Cloned, copied and reassembled work, in short, quirky experimental materials, often has deeply assimilated qualities, if one can detect the code. In today’s flood-lit cyberspace there is stuff that blinks and chimes, stuff that rings pretentious, and stuff the heart can’t decode, yet.

As for writers who tilled a patch of their inner territory and planted seeds that thrive, it can be a lone satisfaction when no promoter propels readers to seek out the garden so lovely and inspiring to spend time in.

When a few connoisseurs find and grok the hidden place, the pleasure is shared. And that’s not even addressing the mysterious process of any creative work, the reward of which lives on in other time-zones.

To bring back the question – does it matter if creative works don’t appear in the light, are invisible on the public crossroads? The publishing world, for example, geared to profit, accumulates mountains of slush piles, like compost heaps. When you think of it – all manifestations are constantly recycled, small bits, big bits. And yet, I sincerely believe that anything processed and transmitted through the heart’s intelligence leaves a coherent mark and demands eternal resurrection. In other words, the essence of these works will shine on.

This post may be a tad confusing, not telling you anything you don’t already know. But having been immersed in editing ‘Shapers’ and composing a short story for a local competition, and, sigh, fretting over practical issues, like a defunct heating system I have nil resources to fix, nor the nerve to tap into the bureaucratic nightmare of government grants, I wanted to pause and say hello to all creative warriors out there.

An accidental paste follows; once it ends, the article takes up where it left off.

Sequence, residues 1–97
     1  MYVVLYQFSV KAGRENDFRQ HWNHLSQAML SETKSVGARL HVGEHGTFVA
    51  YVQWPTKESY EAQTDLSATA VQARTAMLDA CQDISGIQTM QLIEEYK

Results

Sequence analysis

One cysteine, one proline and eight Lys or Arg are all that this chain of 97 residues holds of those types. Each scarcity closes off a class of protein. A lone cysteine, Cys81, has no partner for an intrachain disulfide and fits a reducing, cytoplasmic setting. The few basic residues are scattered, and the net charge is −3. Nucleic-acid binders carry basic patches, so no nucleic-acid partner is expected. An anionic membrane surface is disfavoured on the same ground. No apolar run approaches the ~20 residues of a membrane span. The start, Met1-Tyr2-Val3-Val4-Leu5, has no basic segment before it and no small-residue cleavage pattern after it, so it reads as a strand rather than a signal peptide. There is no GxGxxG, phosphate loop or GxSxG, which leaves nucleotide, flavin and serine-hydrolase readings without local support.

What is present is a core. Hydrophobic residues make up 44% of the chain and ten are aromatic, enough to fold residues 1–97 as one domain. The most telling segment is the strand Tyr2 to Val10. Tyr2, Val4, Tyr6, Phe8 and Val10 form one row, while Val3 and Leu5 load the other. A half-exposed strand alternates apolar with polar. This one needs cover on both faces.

In this warm and wet autumn

fresh grass grows, as soft as silk …


Talking of growth and beautiful spaces, visit this plot of a friend with a brilliant mind, who inspires by planting riches in a real earth plot in the middle of a roundabout. 





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14 responses to “… to ‘grok’ transmissions …

  1. another fascinating look at your thinking. I love the idea that all the sleeping words in the slush pile are already seeping out.

    Liked by 4 people

  2. If we believe ( and I do, not as a matter of faith, but of experience) that the creation is Jean’s great ‘thought’ and if Erwin Laszlo’s Akashic Field is a description of that great tangled interconnected thought, then it must follow that all creative inter-weavings, poetry, characters, fantastic new worlds, must be retained within it, in creative potentia to actualise, but in some pure form before that happens.

    It is a consolation in the absence of worldly recognition! The latter would be nice though!